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Coffee and Tea Reports from the Front Lines

Coffee Pact Aims to Help Growers

United Kingdom - Four of the world’s largest coffee companies have made a voluntary pact to help improve conditions in producer countries, reports BBC News.

The agreement - signed by coffee giants Nestle, Tchibo, Sara Lee and Kraft - aims to end the use of child and forced labor.

The pact also calls for closer ties with growers of the best coffee beans to ensure they get the highest price. Yet critics say prices will rise if coffee’s huge oversupply is tackled.

The new agreement, which involves coffee bean growers in Brazil, Vietnam, Kenya, Colombia, Indonesia and Central American nations, has been developed by the four companies in conjunction with German coffee industry association DKV.

Roland Vaessen, chief executive of the European Coffee Federation, said coffee produced under the terms of the code would probably cost more.

The first coffee produced under the new code should come onto the world market following the harvest of 2005/2006.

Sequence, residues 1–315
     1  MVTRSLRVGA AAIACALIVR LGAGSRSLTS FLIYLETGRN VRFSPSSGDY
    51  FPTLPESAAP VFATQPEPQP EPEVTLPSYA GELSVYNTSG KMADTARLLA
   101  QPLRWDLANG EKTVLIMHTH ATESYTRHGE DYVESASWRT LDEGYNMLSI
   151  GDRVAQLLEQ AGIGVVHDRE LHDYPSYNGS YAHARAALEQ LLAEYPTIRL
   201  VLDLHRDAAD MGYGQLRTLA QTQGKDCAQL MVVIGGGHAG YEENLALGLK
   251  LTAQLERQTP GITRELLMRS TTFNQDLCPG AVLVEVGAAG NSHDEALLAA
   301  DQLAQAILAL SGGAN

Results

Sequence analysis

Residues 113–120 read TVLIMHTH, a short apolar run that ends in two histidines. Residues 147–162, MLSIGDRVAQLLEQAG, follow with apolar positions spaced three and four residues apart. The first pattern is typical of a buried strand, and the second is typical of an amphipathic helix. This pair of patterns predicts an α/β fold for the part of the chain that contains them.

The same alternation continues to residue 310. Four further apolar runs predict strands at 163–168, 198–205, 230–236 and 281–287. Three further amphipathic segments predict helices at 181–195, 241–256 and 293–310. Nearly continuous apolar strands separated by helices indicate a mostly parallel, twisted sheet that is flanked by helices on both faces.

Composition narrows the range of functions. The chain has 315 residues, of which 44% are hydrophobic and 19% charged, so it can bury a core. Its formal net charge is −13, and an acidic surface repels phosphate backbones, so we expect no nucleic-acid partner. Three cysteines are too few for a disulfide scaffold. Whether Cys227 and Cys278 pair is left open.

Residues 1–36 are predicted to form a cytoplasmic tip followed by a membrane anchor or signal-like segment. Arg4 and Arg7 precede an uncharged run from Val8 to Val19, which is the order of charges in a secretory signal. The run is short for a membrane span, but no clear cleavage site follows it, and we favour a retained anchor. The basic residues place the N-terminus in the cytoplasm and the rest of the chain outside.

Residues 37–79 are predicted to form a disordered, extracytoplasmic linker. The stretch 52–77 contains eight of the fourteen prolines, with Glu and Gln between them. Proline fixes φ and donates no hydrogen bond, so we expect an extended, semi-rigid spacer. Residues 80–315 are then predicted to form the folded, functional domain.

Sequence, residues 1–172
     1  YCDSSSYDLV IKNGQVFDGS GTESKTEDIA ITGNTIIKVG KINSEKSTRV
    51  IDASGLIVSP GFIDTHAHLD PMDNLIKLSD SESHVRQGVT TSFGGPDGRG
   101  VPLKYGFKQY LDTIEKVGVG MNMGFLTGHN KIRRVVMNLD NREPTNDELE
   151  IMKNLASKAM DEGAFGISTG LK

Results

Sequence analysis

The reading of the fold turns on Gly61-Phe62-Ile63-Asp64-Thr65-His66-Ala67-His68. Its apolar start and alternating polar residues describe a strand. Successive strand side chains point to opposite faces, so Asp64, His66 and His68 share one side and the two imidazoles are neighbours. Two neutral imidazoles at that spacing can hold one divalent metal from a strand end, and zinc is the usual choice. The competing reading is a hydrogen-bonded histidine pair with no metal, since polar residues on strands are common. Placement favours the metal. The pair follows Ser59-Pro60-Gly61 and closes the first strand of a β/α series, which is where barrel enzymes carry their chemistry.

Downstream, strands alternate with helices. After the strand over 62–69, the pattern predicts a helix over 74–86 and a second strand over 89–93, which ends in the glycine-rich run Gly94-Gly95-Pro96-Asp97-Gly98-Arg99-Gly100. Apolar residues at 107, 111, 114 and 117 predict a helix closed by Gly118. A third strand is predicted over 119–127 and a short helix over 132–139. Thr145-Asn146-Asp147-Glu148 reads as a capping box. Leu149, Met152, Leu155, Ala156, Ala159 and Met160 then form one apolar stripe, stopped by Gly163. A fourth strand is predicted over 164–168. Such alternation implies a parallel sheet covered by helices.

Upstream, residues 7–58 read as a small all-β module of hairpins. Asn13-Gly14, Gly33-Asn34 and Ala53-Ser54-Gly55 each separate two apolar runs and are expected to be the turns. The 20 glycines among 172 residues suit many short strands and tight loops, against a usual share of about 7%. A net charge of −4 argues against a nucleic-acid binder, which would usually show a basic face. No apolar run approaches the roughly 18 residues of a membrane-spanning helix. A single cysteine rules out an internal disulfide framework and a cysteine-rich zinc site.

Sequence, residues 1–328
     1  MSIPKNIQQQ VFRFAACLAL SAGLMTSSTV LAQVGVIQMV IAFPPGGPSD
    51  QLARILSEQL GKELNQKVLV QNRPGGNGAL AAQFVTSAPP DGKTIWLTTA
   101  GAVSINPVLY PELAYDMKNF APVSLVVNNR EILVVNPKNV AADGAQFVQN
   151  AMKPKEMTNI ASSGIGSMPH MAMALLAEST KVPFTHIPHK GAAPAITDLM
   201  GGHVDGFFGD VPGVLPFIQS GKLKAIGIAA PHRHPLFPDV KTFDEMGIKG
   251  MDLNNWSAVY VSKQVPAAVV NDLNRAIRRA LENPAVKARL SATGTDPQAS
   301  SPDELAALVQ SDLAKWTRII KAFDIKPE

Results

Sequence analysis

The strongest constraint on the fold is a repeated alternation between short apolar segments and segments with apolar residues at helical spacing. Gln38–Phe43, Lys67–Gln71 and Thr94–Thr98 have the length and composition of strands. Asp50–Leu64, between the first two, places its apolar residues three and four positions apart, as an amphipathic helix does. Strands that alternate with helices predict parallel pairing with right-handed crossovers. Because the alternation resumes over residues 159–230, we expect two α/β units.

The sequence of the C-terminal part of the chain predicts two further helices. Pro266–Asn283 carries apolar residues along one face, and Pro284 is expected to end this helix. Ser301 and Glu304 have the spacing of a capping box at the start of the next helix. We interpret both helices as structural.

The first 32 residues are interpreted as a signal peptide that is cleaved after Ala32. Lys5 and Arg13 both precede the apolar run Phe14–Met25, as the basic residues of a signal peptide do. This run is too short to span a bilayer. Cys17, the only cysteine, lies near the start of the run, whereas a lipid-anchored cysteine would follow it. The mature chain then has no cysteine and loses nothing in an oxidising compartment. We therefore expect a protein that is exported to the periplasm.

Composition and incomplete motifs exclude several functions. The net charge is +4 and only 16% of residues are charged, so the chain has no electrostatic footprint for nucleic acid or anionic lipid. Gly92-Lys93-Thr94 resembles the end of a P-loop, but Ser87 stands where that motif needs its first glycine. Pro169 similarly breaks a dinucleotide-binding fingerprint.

Angus Downie, an economist at the Economist Intelligence Unit in London, said he doubted that the code would help boost world coffee prices, which have only made a marginal recovery since hitting 30-year lows in 2002.

“The only way to get prices back up is to cut supply,” he said. “These schemes do have a habit of not working in the medium-to-long term.”

Study Links Coffee to Bladder Cancer

Canada - A new study published in Ottowa suggests that coffee consumption increases the risk of bladder cancer in men and that the risk increases with the amount consumed, reports Chinaview.com.

According to the study conducted by Health Canada, men who drank four cups of coffee or more daily were almost twice as likely to get bladder cancer as members of a control group who did not drink coffee, according to results published in the journal, Chronic Diseases in Canada.

Bladder cancer is the fourth most common cancer in Canadian men. It has been estimated that about 3,700 cases will be diagnosed this year.

Lead author Anne-Marie Ugnat said the study “is suggestive of a possible relationship between coffee and cancer but in no way conclusive.”



Tea & Coffee - October/November, 2004
Tea Fair - China

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